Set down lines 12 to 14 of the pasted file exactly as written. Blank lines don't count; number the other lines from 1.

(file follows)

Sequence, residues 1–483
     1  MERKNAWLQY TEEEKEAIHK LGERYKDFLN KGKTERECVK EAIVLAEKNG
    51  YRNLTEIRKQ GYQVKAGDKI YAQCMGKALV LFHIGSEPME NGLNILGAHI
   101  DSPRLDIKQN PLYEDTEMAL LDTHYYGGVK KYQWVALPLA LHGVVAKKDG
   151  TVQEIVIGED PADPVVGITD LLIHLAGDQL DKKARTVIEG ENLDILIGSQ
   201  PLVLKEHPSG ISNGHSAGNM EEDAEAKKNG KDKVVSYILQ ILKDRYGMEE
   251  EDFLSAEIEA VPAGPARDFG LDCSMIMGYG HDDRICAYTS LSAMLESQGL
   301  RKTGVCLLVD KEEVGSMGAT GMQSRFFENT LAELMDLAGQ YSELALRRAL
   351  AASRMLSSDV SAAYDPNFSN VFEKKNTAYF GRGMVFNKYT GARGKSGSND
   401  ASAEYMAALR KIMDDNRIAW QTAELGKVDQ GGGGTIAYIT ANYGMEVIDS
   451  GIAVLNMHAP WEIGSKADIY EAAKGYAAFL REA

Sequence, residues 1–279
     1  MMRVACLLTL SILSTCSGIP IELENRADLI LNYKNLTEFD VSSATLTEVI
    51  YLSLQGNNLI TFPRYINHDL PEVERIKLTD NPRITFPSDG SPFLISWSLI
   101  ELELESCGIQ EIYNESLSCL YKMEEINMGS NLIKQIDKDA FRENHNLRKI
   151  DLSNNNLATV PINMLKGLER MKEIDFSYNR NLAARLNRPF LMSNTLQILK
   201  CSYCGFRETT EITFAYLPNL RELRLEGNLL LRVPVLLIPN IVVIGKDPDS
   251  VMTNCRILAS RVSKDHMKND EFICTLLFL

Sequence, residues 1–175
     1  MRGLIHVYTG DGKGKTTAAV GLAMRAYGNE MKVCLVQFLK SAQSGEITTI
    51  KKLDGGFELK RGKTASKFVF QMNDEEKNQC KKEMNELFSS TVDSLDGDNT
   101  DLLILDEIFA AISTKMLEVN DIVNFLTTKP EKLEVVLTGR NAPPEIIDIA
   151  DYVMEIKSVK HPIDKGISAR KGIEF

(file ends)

Sequence, residues 1–279
     1  MMRVACLLTL SILSTCSGIP IELENRADLI LNYKNLTEFD VSSATLTEVI
    51  YLSLQGNNLI TFPRYINHDL PEVERIKLTD NPRITFPSDG SPFLISWSLI